Help! I think I am drowning in vegetables! What do I do with them all!? Any ideas?

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7 thoughts on “Too Many Veggies

  1. I would check your local Goodwill for quart size canning jars. Ours has them often for 20 cents a piece at this time of the year. Then you could can the potatoes and carrots for later use in soups and stews. 20 pounds of potatoes will make 7 quarts. You could also dehydrate them if you can’t find a cheap supply of jars. dehydrate2store.com has lots of good videos on dehydrating potatoes, carrots, and all sorts of things.

    Is there a pig farmer nearby? You could offer to give them what you can’t use in trade for some cuts of pork. Any families in need you could give to? Or a food bank? A mission?

    • Since I don’t drive, while I’d like to drop them off at a foodbank I can’t. And all the foodbanks are west of me; it’s a long enough drive for my new friend to drive out to me from way east. Same with pig farmers. I wish I could find other urban homesteaders and do trades, but they seem to be super isolated. Both my veggie-bringer and I have tried to seek out anybody with even vaugely similar interests and so far we have only found eachother.

  2. I second what LuckyRobin said; can or dehydrate them. I canned only 30 pounds of potatoes this year as “chunks” to use as home fries. I only have 3 jars left and I am the only person in my household.

    • I have actually been freezing what I can. I found a recipie online for making frozen potatoes where you just blanch them and then freeze them in chunks and they can be used like any other frozen veggie that way.

      There is just so many! I could not imagine canning them all (apparently you did it though!)… And I don’t own a dehydrator. 😛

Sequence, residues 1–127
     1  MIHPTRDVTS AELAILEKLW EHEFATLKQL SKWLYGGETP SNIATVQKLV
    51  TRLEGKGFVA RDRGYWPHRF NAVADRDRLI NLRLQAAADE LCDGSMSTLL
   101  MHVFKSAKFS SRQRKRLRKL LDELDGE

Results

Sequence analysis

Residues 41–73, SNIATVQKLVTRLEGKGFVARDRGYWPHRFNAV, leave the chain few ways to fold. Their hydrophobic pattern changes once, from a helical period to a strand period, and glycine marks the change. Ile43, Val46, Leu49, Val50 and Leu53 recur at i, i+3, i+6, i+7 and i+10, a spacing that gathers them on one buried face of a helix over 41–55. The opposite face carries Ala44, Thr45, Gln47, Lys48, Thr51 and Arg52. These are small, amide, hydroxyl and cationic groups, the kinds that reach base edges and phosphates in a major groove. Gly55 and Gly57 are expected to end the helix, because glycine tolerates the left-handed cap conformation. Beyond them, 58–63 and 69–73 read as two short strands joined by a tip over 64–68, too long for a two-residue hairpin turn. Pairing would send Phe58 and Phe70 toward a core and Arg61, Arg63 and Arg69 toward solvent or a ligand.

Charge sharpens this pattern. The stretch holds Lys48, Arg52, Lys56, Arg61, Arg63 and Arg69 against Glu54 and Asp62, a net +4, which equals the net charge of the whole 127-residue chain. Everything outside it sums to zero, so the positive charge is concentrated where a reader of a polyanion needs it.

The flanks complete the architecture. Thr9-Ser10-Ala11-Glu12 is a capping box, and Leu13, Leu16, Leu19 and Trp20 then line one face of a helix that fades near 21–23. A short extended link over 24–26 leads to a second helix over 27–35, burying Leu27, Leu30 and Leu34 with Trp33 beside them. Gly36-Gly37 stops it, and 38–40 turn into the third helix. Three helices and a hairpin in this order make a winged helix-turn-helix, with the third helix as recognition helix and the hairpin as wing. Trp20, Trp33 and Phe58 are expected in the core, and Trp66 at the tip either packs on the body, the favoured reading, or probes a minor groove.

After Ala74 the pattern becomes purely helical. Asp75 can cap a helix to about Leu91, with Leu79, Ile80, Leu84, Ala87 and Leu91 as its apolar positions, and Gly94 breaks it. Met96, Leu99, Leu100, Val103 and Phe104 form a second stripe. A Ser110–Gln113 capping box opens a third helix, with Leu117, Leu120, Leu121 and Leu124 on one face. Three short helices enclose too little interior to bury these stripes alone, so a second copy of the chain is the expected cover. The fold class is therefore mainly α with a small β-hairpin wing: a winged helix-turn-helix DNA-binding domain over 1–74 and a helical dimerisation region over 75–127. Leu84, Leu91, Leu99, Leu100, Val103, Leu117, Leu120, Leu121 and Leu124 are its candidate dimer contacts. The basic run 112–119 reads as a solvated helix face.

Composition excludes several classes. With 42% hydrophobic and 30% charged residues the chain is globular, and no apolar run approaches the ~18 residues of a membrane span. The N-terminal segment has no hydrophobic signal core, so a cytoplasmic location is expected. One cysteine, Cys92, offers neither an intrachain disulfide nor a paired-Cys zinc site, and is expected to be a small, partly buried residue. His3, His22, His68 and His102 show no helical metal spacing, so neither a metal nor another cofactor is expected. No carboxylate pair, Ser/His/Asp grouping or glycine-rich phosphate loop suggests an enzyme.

• Canning 30 pounds of potatoes does not take as long as one would think as long as you have a full day. I love the fact that I can have a full meal ready in less then 10 minutes.

        You could also make perogies or sheppard’s pie and freeze them as well.

  3. Being able to consume the produce would be the first priority I would assume, but composting what you can’t use and that is really going bad is not a waste. From my experience one can never have too much compost! As a suggestion check your local thrift stores for a dehydrator, that is an appliance people either use the dickens out of, or it sits in the box till it gets off loaded at goodwill.

    You can also harvest the starch out of them and use for a flour substitute. Peel and grate the potatoes and then squeeze out the liquid with a double layer of cheese cloth into a bowl, let it sit. The starch will settle to the bottom, then carefully pour off the liquid on top. You could put the paste in your newly acquired dehydrator or just on sheet pans in the low temp oven to dry.

  4. Pingback: Homesteading Holiday Gifts (Caramels #1) | quarteracrehome